Despite a surge in brute force attacks attempting to break into financial accounts, simple yet savvy password security can help you lock down your personal information.
What’s in a password? You’ve been banking online long enough to know most financial institutions and online direct lenders require a password that’s at least eight characters long containing numbers, symbols, and letters.
But is that enough to protect your checking, line of credit, and online loan accounts? As brute force attacks skyrocket during the pandemic, this age-old advice needs an essential update.
Weak Passwords Are an Easy Mistake to Make Today
These days, financial decisions happen as fast as your Internet connection. While this rapid timeline can help you in an emergency — like when you need a fast cash loan — it can work against you when it comes to password security.
Why does this double-edged sword exist? When you apply for a fast cash loan online, you may not need to wait long to hear if you qualify. By then, you’re catapulted into the borrowing process, and you need to think of a password on the fly.
A lot of people crumble under that pressure, choosing a simple eight-character password they can easily remember. They may even fall back on the same password they use for every financial account.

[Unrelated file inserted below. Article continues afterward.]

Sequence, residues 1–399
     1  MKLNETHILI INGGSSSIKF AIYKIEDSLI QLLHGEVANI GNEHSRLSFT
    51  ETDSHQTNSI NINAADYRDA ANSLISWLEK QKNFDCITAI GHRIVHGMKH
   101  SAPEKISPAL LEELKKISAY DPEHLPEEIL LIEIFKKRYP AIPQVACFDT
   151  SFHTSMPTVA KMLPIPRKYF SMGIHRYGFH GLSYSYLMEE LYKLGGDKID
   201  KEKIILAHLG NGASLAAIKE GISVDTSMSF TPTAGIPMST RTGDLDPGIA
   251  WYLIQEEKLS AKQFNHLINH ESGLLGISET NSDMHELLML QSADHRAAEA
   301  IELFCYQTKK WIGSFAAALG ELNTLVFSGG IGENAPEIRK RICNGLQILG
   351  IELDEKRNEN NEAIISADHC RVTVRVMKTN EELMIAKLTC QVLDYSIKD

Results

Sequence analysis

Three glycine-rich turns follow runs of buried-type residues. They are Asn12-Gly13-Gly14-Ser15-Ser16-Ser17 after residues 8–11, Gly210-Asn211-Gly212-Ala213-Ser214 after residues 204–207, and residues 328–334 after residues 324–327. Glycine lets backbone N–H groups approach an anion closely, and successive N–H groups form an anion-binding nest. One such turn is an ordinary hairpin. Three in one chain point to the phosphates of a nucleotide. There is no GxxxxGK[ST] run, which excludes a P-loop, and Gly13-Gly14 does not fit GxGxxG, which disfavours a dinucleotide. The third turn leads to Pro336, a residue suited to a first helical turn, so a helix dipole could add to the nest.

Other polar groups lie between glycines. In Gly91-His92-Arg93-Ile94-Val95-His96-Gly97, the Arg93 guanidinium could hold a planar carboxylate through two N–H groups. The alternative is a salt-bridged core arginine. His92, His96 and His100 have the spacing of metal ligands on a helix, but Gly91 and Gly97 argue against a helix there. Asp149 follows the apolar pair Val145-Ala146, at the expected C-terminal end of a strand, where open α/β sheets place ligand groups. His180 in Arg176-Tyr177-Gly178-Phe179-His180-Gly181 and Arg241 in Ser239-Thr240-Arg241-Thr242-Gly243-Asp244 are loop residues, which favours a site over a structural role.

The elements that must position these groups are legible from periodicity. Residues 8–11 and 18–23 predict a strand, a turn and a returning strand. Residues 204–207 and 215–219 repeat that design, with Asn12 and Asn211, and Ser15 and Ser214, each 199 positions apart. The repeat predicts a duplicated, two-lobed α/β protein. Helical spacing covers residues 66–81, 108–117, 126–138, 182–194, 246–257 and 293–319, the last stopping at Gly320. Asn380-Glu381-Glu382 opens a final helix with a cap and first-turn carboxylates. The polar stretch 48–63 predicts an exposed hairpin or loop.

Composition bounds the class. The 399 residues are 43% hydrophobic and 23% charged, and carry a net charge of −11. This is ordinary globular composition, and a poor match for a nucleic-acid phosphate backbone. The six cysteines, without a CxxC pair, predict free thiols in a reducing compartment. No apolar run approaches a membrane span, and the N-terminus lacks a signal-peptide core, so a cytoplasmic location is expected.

Resorting to something like passwOrd1! may be enough to satisfy basic security standards, but it doesn’t stand a chance against a brute force attack.
What is a Brute Force Attack?
A brute force attack involves a hacker systematically guessing your login credentials. It’s a trial-by-error process that requires the hacker to input probable combinations until they get it right.
Think of it as the digital equivalent of trying to break into a combination lock when you don’t know the three-digit code.
In this situation, you would have to try out every single combination of each number, of which there are 1,000. It’s a boring and tedious project, but eventually you’ll crack it as long as you’re dedicated to the cause.
The math gets exponentially harder when it comes to the average password protecting a bank or online loan account. That’s why most hackers employ automated scripts or bots to tests the combinations at super-human speeds.
Automation makes this age-old hacking technique useful in the modern world. These bots can run-through possible passwords faster than any human could do by hand. One program can try about 350 billion guesses per second.
At this speed, it’s no wonder brute force attacks rose by 671% during the pandemic. They’re simple and promise results.
Why Do Hackers Use Brute Force Attacks?
Brute force attacks are easy to perpetrate, provided a hacker has the right tech as their aid. And when they work, they can give the keys to a lot of castles.
Fraud and Identity Theft
First and foremost, they’ll gain the login credentials to your account, and all that it entails.
Let’s look at the average online loan, as an example.
This account contains confidential information about the loan you took out. But more importantly, it also holds all the personal information you shared to be approved — things like your contact details, banking account numbers, employment history, and social security number.
With these things in hand, a hacker can commit identity theft and open payday loans or cash advances in your name.